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Are the order of contract names inside override important?

For example, in contract Z, is

function foo() override(X, Y) {... } same as function foo() override(Y, X) {... }?

Or do they convey a different meaning?

contract X {
    function foo() public pure virtual returns (string memory) {
        return "X";
    }
}

contract Y is X {
    function foo() public pure virtual override returns (string memory) {
        return "Y";
    }
}

contract Z is X, Y {
    function foo() public pure override(X, Y) returns (string memory) {
        return "Z";
    }
}

3
  • I think yes it is solidity-by-example.org/inheritance
    – Majd TL
    Commented Nov 27, 2021 at 8:52
  • but why you inheritance from X and Y? because Y inheritance already from X
    – Majd TL
    Commented Nov 27, 2021 at 9:11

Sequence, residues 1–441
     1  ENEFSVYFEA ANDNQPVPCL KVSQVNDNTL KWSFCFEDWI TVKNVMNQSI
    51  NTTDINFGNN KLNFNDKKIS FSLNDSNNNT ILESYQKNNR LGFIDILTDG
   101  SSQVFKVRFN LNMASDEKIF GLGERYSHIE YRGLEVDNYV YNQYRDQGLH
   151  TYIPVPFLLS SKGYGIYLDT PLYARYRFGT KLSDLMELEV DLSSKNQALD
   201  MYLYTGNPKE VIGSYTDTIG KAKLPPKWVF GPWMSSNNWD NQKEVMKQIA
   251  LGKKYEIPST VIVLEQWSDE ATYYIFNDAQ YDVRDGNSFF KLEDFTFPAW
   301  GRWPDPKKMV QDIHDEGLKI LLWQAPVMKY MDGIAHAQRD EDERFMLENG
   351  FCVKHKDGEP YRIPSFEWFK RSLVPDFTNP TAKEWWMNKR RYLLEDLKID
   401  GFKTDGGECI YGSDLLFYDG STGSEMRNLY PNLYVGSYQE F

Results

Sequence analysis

• @MajdTL For example, chain of inheritance may not be obvious. It might be A -> B -> D and A -> C -> D The example above is simplied Commented Nov 27, 2021 at 9:35

1 Answer 1

1

No, the order in the override specifier does not matter at all. The order in which virtual functions are considered by super is determined by inheritance order and you cannot change it by reordering contracts in override.

This is confusing to many users because people really expect that changing it means something. This is why in one of the future releases the compiler may actually start requiring the same order as on the inheritance list (see #8354).

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